Review

Sonic the Hedgehog 4: Episode 1 Review (PS3)

There comes a time in every hedgehog's life when he must hang up his running sneakers, put away that waggling finger and take a good, hard look at his past self. Sonic should have taken this advice many, many years along, but instead chundered along spewing out enough crap to make his glory days just a distinct, fading memory.

Sonic 4 is a direct sequel to Sonic 3 and Knuckles, a 15-year old game that many would suggest was the last, good Sonic title. This latest release attempts to play on your nostalgic side, throwing familiar levels, Badniks and boss battles your way, but this is all a front to disguise yet another hopeless Sonic experience. Sonic handles like your mum's old Punto, most of the game is simply rehashed from old games - and not in a 'it feels like 1994 again' way either - and it never feels like Sonic is trying to get anywhere in a hurry. This is not the 'real' Sonic sequel we were hoping for.

Star posts are back to trick you into thinking you might actually have some fun

Over four zones, Sonic runs, jumps, loop-de-loops, bashes and springs all over the place, usually in a left-to-right fashion. There are just over a dozen levels to play through, with boss battles at the end of each zone. If you've ever played a Sonic game, you'll know what to expect - collectible rings litter the worlds, while robotic baddies do their best to stop you in your tracks.

The first thought that crosses our minds is 'Oh dear Jebus, when did Sonic get so damn slow?'. This is partially due to his pitiful acceleration speed, but also a side-effect of Sonic's awful animations. As he begins to pick up speed, his animations instead give the impression that he's going for a leisurely stroll - it's only after hitting a boost or running down a hill that you really get a sense of speed.

It doesn't help that he feels like crap to control too. The main issue is momentum - jumping has been horribly ballsed up, and for the first hour at least you'll be jumping for platforms and missing them entirely. The best example is when firing yourself out of a cannon in the casino level - don't hold any direction, and Sonic will fly through the air for a second or two, before suddenly stopping in mid-air, before falling vertically downwards. There's no gradual decreases in altitude - just a sudden stop and drop - and it looks ridiculous.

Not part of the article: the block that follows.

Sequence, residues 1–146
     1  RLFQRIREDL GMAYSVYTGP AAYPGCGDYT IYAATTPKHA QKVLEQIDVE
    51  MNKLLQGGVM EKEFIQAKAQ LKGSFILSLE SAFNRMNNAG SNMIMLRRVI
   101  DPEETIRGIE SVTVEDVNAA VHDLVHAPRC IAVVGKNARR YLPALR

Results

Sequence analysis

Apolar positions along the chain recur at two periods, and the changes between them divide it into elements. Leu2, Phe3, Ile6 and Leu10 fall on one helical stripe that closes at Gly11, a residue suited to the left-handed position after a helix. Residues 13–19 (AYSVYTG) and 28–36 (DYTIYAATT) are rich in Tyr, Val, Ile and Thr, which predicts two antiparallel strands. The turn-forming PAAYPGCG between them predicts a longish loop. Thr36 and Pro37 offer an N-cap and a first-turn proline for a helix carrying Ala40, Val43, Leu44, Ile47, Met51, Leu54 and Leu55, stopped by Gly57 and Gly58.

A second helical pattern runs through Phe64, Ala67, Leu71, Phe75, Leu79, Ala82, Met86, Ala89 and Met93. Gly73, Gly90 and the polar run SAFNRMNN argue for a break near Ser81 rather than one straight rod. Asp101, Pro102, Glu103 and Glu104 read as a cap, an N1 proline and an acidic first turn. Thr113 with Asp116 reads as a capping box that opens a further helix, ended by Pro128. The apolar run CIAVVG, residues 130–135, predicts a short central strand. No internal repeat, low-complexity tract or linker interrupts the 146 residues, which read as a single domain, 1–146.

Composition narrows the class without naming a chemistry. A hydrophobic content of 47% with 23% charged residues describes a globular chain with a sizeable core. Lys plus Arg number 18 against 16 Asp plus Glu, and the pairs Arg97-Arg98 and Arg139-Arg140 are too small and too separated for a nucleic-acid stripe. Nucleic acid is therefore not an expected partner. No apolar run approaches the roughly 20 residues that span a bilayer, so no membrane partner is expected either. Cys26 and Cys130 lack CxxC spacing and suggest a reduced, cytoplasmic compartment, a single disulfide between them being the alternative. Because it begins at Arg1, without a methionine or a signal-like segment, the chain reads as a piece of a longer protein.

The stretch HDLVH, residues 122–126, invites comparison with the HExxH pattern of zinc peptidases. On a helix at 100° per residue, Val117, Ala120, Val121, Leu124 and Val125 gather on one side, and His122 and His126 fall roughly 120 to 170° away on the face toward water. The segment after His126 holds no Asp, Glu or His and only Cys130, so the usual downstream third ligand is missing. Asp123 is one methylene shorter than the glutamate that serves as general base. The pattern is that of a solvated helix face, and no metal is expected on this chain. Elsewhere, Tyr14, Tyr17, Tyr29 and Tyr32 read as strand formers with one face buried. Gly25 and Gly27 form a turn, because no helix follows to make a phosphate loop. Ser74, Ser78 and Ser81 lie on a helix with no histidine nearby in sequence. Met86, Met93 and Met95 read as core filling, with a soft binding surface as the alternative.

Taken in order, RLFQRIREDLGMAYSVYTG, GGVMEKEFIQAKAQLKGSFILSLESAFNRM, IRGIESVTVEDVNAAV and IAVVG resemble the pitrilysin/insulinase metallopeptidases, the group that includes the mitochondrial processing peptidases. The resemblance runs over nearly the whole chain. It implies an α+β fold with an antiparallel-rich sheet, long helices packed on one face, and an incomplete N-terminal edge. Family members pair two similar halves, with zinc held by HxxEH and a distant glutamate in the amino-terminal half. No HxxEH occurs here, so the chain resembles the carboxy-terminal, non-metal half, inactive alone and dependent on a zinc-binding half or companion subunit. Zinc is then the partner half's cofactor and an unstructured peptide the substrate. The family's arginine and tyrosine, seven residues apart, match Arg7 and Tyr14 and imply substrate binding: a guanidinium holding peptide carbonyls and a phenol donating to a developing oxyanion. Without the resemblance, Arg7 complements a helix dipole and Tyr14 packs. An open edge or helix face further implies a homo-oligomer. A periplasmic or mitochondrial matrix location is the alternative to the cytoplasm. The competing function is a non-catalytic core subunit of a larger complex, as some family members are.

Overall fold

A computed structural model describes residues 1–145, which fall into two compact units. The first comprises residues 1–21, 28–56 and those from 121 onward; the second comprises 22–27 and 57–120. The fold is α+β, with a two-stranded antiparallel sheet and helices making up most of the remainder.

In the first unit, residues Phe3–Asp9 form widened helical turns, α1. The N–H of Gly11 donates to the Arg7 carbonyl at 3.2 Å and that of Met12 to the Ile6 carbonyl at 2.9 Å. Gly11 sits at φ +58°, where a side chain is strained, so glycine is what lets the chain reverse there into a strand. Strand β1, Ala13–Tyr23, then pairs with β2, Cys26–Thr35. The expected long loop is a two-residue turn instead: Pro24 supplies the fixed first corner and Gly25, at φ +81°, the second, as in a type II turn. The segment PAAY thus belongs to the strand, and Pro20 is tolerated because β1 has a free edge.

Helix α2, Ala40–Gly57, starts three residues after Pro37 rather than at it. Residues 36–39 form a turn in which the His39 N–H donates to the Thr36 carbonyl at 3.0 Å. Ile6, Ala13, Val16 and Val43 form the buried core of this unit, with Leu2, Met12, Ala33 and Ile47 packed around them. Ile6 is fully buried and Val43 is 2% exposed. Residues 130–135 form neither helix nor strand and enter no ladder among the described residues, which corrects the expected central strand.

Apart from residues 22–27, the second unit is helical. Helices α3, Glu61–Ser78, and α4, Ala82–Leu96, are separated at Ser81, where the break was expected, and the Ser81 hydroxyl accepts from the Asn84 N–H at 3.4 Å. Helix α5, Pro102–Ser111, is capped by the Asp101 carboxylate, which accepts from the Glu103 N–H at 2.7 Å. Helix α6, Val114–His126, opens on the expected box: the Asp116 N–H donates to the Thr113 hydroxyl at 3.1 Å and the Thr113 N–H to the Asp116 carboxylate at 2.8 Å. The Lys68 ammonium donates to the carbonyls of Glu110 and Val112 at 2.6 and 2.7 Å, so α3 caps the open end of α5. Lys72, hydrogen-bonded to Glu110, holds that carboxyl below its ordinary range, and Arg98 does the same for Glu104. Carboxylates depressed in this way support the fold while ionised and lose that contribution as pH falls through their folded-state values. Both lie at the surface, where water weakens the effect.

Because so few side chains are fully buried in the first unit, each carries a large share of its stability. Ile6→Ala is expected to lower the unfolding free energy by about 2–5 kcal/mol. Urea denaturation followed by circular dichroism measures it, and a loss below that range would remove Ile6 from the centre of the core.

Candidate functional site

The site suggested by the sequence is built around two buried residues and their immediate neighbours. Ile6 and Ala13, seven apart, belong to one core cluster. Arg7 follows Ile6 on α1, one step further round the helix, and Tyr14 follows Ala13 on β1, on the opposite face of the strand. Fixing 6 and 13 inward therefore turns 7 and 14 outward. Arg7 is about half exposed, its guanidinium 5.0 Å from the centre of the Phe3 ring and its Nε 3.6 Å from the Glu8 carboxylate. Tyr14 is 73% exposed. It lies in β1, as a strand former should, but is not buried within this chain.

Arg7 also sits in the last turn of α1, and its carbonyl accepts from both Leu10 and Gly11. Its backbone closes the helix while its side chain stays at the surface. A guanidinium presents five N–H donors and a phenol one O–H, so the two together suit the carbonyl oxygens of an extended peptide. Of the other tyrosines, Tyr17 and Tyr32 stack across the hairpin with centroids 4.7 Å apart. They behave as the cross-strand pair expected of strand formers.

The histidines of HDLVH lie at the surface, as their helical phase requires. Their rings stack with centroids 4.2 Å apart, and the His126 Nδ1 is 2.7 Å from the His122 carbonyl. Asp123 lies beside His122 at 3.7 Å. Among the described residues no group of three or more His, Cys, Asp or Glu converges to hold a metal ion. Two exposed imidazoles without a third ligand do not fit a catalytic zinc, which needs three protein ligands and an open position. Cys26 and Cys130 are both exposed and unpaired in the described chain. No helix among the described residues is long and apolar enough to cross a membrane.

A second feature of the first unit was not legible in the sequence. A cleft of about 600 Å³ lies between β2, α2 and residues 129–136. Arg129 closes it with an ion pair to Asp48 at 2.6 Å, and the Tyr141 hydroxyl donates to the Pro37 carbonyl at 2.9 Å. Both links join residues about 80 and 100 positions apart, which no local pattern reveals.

Handling in a Sonic game is an essential ingredient that can make or break the entire game, and Sonic 4 definitely falls into the latter category. Here's another example - when Sonic rolls off a ledge, rather than staying in the ball as he should do, he throws his arms and legs out wide and falls in the least graceful way possible, ready to hurt himself on whatever Badniks lie below. That's the problem in a nutshell - controlling Sonic used to feel so effortless and graceful, and now it's as if you're coaxing an unruly rat around a maze.

Let's move on to level design. Every zone in Sonic 4 is inspired by an old Sonic game in name, visuals and layout. And by 'inspired', we actually mean 'old levels were taken apart and put back together again in a different order'. This would be perfectly reasonable, were it not for the utterly atrocious design. Badniks are placed in entirely unfair positions, ready for you to bounce from a spring and straight into their clutches, and it feels as though the entire level is constantly trying to slow you down. Certain levels will occasionally feel rather confusing too, and you'll reach an area and not have a clue where to go next.

Now and again, set pieces will feel cheap and lazy too - mainly those that are ripped pixel-for-pixel from an old Sonic game. For example, the 'falling down infinite waterfalls until you jump for a platform' section of the Lost Labyrinth zone is a carbon copy from 1994. It doesn't give a feeling of nostalgia - rather, it makes you wonder why SEGA didn't simply develop a remake of an old Sonic game instead of piecing together a new game from old parts.